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High-Definition Multimedia Interface® (HDMI®) 1.4 is a version of HDMI® that brought several new features and abilities to entertainment systems that utilize HDMI®. These include Ethernet data and audio return channels added to the HDMI® cable, a smaller 19-pin connector cable, higher resolution support, and definitions for three-dimensional (3-D) format and resolutions. The improvements introduced in HDMI® 1.4 were primarily aimed at reducing the amount of cables necessary to properly set up advanced home entertainment systems, and to prepare for advancements in home entertainment such as high definition televisions (HDTVs) with resolutions beyond 1080p and those incorporating 3-D technology.
First released in 2002, HDMI® was developed to create an audio-video cable for HDTVs that would be backward-compatible with digital visual interface (DVI) connectors that were primarily in use at the time. The original version of HDMI® was designed to be compatible with DVI and could be used with an adapter without signal loss. Since then, multiple versions of HDMI® have been released, each with upgrades and new technology to increase the usefulness and improve the abilities of HDMI® enabled devices.
With HDMI® 1.4, released in 2009, devices were enabled to further communicate with each other through a properly set up system and to utilize advances in technology for years to follow. With the additions of Ethernet and audio return channels to HDMI® cables in HDMI® 1.4, fewer cables are required to properly set up a home entertainment system. The Ethernet channel allows bi-directional data streams between devices and an HDTV. This means that a properly set up system, with Internet Protocol (IP) enabled devices need only have a single Internet connection between the HDTV and the Internet. The Ethernet channel in the HDMI® 1.4 cable can allow transfer rates up to 100 megabytes per second (Mb/sec) between the Internet and the HDTV as well as the devices plugged in to the HDTV.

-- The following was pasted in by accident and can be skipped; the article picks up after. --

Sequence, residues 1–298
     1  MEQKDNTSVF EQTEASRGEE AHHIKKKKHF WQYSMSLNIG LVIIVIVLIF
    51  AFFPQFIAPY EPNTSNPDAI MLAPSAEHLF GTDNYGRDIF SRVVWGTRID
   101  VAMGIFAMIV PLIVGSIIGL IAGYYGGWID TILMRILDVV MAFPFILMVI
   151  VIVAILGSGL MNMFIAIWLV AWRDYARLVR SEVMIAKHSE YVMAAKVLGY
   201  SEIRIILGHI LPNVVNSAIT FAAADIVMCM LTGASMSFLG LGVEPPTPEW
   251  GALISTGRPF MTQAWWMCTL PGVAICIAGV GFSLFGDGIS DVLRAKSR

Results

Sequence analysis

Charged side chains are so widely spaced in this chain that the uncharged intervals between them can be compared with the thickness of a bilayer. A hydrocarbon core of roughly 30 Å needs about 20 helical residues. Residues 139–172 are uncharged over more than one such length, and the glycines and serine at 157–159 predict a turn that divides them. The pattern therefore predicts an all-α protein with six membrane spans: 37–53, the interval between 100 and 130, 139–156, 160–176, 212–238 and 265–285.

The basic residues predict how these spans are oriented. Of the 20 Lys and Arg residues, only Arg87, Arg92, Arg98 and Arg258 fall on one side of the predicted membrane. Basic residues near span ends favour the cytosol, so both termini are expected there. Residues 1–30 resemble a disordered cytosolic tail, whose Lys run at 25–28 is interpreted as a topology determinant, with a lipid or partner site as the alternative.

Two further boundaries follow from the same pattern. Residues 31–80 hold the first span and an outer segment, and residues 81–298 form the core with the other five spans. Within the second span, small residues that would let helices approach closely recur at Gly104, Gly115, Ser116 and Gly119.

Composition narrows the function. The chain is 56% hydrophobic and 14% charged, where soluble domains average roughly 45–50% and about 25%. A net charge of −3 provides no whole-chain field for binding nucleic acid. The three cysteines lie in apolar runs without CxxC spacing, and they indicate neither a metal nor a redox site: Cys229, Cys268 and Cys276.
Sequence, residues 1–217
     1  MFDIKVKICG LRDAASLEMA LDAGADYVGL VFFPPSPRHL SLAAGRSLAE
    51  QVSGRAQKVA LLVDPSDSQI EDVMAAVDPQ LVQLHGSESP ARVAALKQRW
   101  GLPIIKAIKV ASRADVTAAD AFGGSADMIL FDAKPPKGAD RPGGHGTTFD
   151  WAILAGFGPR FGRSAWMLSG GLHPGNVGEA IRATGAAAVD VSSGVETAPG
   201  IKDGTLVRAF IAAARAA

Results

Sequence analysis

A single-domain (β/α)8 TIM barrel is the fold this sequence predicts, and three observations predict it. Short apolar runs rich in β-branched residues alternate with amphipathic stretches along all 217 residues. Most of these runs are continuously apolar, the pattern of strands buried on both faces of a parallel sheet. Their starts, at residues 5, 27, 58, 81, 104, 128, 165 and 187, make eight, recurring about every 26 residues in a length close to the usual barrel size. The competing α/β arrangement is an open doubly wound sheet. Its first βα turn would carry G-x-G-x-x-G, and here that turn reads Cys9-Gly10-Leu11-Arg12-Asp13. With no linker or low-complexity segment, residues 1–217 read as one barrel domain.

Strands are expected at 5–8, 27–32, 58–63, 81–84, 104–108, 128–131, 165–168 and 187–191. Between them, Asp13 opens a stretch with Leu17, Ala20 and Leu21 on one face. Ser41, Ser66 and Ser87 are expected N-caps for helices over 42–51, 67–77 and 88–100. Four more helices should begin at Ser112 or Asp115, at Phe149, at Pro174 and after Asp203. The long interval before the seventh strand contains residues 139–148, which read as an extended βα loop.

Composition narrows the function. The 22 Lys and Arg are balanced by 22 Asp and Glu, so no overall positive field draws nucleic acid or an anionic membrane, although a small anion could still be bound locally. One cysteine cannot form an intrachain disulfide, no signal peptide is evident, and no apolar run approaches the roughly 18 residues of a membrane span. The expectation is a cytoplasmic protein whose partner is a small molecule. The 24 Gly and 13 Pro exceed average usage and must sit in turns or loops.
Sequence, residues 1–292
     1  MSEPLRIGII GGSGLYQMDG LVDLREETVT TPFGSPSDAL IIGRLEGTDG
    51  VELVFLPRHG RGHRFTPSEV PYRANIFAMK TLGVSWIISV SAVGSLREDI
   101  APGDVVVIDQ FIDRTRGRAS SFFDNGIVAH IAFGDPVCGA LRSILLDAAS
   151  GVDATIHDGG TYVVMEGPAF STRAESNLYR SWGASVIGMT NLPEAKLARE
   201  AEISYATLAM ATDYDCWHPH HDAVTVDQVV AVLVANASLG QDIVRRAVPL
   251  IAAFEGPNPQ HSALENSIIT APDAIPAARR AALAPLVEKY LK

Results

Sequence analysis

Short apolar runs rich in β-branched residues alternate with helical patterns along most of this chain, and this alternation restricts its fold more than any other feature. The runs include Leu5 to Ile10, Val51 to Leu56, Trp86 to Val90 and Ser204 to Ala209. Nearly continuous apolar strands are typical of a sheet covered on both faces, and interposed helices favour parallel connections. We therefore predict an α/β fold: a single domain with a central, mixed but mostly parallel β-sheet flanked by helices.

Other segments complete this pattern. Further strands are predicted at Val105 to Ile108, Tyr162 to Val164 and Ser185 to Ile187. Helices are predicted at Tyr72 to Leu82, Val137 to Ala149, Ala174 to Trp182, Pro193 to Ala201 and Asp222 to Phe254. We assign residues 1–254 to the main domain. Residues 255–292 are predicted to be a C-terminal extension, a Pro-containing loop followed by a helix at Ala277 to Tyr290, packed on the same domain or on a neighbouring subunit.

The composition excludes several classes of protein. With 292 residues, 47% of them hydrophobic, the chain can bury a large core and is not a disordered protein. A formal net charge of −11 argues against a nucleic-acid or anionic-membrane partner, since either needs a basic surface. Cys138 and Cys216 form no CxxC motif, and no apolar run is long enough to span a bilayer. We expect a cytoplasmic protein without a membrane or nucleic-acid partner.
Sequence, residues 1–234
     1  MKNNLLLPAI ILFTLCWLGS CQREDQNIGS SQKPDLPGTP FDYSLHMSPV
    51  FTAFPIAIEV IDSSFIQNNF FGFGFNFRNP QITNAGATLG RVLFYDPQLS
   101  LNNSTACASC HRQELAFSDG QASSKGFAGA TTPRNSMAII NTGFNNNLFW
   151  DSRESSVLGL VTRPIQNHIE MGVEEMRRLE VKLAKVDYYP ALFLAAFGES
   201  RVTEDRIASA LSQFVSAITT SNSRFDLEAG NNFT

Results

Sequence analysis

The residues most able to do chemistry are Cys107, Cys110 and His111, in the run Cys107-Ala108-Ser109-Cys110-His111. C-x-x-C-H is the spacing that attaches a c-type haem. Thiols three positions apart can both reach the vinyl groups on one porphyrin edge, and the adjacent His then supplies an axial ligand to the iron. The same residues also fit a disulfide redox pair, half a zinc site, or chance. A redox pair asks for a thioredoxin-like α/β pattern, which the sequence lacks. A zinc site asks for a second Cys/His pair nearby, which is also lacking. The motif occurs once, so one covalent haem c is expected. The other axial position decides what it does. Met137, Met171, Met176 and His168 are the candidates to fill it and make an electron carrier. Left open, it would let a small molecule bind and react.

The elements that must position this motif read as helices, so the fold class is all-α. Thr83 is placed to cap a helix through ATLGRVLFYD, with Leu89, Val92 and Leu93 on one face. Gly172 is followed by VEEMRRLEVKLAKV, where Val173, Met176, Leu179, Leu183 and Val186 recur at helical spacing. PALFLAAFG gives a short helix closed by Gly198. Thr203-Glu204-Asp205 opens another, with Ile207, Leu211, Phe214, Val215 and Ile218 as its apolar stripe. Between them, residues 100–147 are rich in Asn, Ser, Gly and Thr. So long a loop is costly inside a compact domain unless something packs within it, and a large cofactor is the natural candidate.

HDMI® 1.4 also introduced an audio return channel in the cable that eliminated the need for a separate audio cable to allow data to go “upstream” from an HDTV to an audio receiver device. This was primarily helpful for users with an HDTV that had a built-in tuner or digital versatile disc (DVD) player who needed to send audio information from the HDTV to a receiver for elaborate home entertainment systems. This advancement reduces the need for a separate cable to allow audio data to travel out from an HDTV to a receiver.
A micro HDMI® connector was also introduced with HDMI® 1.4 that is about half the size of previous mini connectors and allowed for better resolution, up to 1080p, in portable devices. HDMI® 1.4 also established support for HDTVs with resolutions up to four times greater than 1080p. Referred to as 4K x 2K, or about 4,000 lines wide by 2,000 lines high, or simply 4K, these resolutions are about equivalent to what is found in commercial theaters using digital cinema projectors.
HDMI® 1.4 established the first standards for 3-D support in HDTVs. Though HDMI® 1.4 set several standards and protocols for 3-D displays, further specifications and mandatory formats were established in HDMI® 1.4a, released in March of 2010. Both releases were aimed at preparing HDMI® compatible devices for use with HDTVs developed to support and allow 3-D movie viewing, gaming, and broadcasting.
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